Some people don’t mind waiting. They stand patiently in long lines, sit in the doctor’s office waiting room for hours, wait in the lobby of restaurants to get a table. All without complaint. They must be meditating or employing some kind of zen technique that keeps them cool and calm. Other people . . . well, let’s just say that I don’t like to wait. I tend to get a little grumpy when I run into delay. But I’m trying to become more like my zen-like colleagues. I’ve been reflecting on the various times in which the wait is worth it.
A little hamburger joint near our house advertises that they are a “slow food establishment.” They’re not really hip enough to think that they’re part of the slow food movement – I think their sign has been up for about 15 years. I’m sure they put the sign up in response to complaints that they aren’t as fast as McDonald’s.
They sell hamburgers, fries, shakes – all the fast-food kinds of stuff. But it takes fifteen minutes to get food there because they don’t throw your burger on the charcoal grill until you order it. The burger is piping hot and seasoned to perfection. The fries are crispy. The shakes are so thick you have to eat them with a spoon. It ain’t McDonald’s. Well worth the wait.
Concerts at Red Butte Gardens
My husband and I attended several outdoor concerts at Red Butte Gardens in Salt Lake City this summer. The venue offers general admission tickets and opens the gates one hour prior to showtime. In order to get a good spot on the grass, concert goers line up outside the gates hours beforehand.
We showed up for Trombone Shorty two hours before the gates opened. Instead of tapping our feet and checking our watches every two minutes, we set up our chairs, opened a bottle of wine and played multiple rounds of Boggle (it’s the only game in which I can consistently beat my husband). When the gates opened, we got seats less than 40 feet from Shorty himself. Well worth it.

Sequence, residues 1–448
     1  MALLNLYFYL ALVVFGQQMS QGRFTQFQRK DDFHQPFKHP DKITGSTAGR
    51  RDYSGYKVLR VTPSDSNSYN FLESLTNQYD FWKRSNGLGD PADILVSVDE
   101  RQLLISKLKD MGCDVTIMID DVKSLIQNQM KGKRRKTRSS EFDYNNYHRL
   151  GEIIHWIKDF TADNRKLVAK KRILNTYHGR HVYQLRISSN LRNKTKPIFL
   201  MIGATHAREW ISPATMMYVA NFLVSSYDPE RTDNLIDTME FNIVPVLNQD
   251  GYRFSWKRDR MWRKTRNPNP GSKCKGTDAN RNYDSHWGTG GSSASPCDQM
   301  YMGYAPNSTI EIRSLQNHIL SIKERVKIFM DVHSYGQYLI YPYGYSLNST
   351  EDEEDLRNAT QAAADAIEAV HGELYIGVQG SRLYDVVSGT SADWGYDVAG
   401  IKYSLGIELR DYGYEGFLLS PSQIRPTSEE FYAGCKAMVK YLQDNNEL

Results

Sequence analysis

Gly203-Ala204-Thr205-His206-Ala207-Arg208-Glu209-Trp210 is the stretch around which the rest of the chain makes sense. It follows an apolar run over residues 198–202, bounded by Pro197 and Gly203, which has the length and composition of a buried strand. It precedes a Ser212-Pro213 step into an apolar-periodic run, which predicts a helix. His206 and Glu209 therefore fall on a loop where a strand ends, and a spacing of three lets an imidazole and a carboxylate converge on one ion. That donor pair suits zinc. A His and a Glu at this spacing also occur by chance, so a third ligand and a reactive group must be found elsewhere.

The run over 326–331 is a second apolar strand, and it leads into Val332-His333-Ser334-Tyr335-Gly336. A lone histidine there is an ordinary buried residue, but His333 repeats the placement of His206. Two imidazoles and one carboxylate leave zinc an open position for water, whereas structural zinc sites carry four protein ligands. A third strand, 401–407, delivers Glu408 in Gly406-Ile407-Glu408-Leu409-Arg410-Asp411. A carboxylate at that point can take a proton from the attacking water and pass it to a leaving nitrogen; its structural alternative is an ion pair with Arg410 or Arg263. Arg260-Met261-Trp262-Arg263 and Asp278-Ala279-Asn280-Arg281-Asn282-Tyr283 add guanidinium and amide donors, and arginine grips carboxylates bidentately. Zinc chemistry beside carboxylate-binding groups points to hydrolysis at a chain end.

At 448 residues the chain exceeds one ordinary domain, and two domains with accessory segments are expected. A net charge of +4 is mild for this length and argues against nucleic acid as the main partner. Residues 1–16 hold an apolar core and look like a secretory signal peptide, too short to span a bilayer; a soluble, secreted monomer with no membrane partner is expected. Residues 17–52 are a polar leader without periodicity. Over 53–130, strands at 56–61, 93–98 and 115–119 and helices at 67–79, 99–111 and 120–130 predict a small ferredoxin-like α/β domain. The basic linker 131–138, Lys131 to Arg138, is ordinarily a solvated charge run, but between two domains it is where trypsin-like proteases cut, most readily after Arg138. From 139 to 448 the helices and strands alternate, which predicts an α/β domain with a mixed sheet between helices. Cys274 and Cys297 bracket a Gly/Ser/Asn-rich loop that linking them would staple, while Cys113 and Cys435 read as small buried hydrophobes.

My friend Joan and I both recently had similar remodeling projects completed. We both wanted to update our bathrooms, so we hired contractors. Joan wanted her bathroom done in time for a big family reunion she was hosting at her home, so she hired the first guy who promised quick completion. I didn’t have a deadline, so I had the luxury of interviewing several contractors and checking references.
Joan’s bathroom remodel took three days. It doesn’t look terrible, but it’s not great either. The guy dripped grout all over the place and left it there, so Joan had to scrape it up later. The paint job is sloppy and the pipes under the sink weren’t installed very well, so they leaked (the guy came back and fixed them, but it was a pain).
My bathroom took two weeks to complete. The work is top-quality and it looks gorgeous. We both paid roughly the same price for almost the same amount of work. But I had to wait, and it was worth it.
Last year, I was in charge of a teacher appreciation banquet at my daughter’s school. The parents had decided to present each teacher with a blank book that would be engraved with the name of the school and the teacher’s name.
I got online and found several companies that could provide the gifts. Some of the books were mass-produced notebooks that had machine-stamped covers. They could be shipped within 24 hours and were pretty cheap. While the covers were stylish, I was worried that I would be getting what I paid for. I tried to call the company to get more information, but the person I spoke with didn’t seem to know much about the product.
I found a small company who produced hand-made books. The paper was handcrafted and the covers were hand-embossed. The cost was only a little higher, but there was a seven day production time prior to shipping. When I called to get more specifics, one of the managers answered. He explained the production process and described the books in detail. I placed my order with him.
When the books arrived they were beautiful. The parents were thrilled with the quality and the teachers were touched by what looked like (and was) a very special, personalized gift. Definitely worth the wait.
The moral of the story: It’s ok to make customers wait . . . if you’re worth it.
It doesn’t matter what kind of business you have – food service, retail, trade service or entertainment. Your customer wants a fair price and quality stuff. One way to increase your quality might be to slow down a bit. Take your time and provide quality that the competition doesn’t.